- Worried renters finding it hardest to heat homes properly and are most concerned about energy bills
- Survey ALSO shows private renters suffering more than home-owners from cold, draughty, damp and mouldy homes
- EST CEO says living in an easy-to-heat and damp-free home should be a basic human right
Seven in ten (70 per cent) of UK householders say that landlords should NOT be allowed to let out homes that have very poor levels of energy efficiency, supporting government proposals to restrict renting of the coldest properties. This is according to the Energy Saving Trust in its latest UK Pulse public opinion trackers.
The findings from the Ipsos MORI survey of over 2,000 UK respondents show this demand is even stronger among renters with nearly eight in ten (78 per cent) supporting this intention.
The UK Pulse findings also revealed that people in rented homes find it hardest to heat their home properly, with over half (51 per cent) saying that they experience cold homes during the winter.
Renters are also more concerned about their energy bills compared to owner-occupiers, with 80 per cent saying that the cost of energy bills are a worry compared to 71 per cent of owner occupiers.
Previous findings from the Energy Saving Trust revealed that draught, damp and mould problems in the home were more common in rented properties than those in owner-occupied homes.
Under plans proposed by Government, English and Welsh landlords will be restricted from renting out their properties from 2018 if they are not rated E or above on the official Energy Performance Certificate (EPC). However, landlords will only have to improve homes to meet the standard where they can access grants to cover the full cost of upgrades – or can persuade tenants to contribute. There is no certainty about what grants will be available when the regulations take effect.
Philip Sellwood, Chief Executive at the Energy Saving Trust, said:
“Being able to live in a home that is easy-to-heat, free of damp and mould should be a basic right.”
“It’s not right that landlords are still allowed to rent F and G rated homes in this day and age. There are still 400,000 of these privately rented homes in England – almost the same number of homes as in Birmingham.”
“We support government plans for regulating energy efficiency in the private rented sector but when we get to 2018 there must be effective grants, funding and engagement programmes in place to help landlords make sure they address the homes they rent out. The reality is that landlords may also have to contribute to the cost of these upgrades.”
“If landlords look at EPC of the homes they rent out then this is a good way to identify what things can be done now to bring their properties up to scratch.”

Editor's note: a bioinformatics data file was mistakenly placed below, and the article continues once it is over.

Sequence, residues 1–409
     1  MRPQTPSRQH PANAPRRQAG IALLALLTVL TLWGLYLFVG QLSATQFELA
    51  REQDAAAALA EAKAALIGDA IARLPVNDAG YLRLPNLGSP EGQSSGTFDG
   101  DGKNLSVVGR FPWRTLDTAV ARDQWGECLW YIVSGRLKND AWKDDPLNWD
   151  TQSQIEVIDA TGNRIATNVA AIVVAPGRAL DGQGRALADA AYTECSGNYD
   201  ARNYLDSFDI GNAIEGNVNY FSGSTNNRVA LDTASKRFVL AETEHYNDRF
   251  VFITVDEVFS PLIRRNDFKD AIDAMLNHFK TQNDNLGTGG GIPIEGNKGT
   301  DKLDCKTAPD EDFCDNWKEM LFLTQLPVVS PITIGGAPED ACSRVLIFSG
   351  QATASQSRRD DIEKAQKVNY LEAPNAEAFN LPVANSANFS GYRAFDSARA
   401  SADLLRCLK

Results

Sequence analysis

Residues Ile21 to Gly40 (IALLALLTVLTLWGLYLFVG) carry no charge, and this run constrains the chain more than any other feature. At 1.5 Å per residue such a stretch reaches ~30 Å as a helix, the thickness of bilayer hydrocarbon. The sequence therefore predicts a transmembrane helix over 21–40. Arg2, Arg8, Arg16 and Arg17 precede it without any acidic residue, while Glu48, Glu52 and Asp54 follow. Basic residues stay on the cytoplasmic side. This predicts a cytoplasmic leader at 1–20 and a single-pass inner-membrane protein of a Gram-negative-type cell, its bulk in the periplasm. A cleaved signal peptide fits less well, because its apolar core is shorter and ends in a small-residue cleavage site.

Other findings from the UK Pulse research revealed tenant concerns when engaging with landlords regarding energy efficiency improvements. Only 11 per cent of tenants thought their landlord would make an energy efficiency upgrade without putting up their rent. Sixty-eight per cent of renters have never asked their landlord to improve the energy efficiency of the property they’re renting.
Private renters were the most enthusiastic about domestic renewables, such as solar panels, with over three quarters (75 per cent) saying they would be more likely to rent a property with a renewable energy system compared with one which doesn’t have one installed.
Energy Saving Trust’s three tips for renters:
If you have a good relationship with you landlord, ask them for energy efficiency upgrades. Emphasise that they will reduce your bills. Also tell him/her that energy efficiency improvements can add to the property’s value and appeal to future tenants;
If your home is dangerously cold and you feel able to do this then the first thing to do is speak to your landlord. If that doesn’t work you can complain to your council, private sector housing or environmental health team but you may want to seek advice first from Citizens Advice. The council can oblige your landlord to make improvements;
If – like most private tenants – you’re worried about energy bills remember there is a lot you can do without involving your landlord. Check energy saving advice on the Energy Saving Trust website (www.energysavingtrust.org.uk); for example a typical household can save between £45 and £80 a year by switching appliances off standby.
Energy Saving Trust’s tips for landlords:
- The EPC of your property should contain recommended energy saving improvements to improve the EPC rating of the home. If you don’t have an EPC it costs between £60 and £120 to get an energy assessment of your property in order to put it on the EPC register. Since costs vary, it is worth shopping around and comparing a few different quotes — as long as you make sure your assessor is registered;
- Other than looking at the EPC or getting an assessment, you can visit the Energy Saving Trust’s Home Energy Check to see the energy saving improvements that could be made to different properties based on your available budget, as well as being able to see the estimated savings from these improvements. You can find the Home Energy Check on http://hec.est.org.uk/.
Tenants wanting more information about the UK Pulse and how to save energy in the home can visit http://www.energysavingtrust.org.uk/Take-action/Energy-saving-top-tips.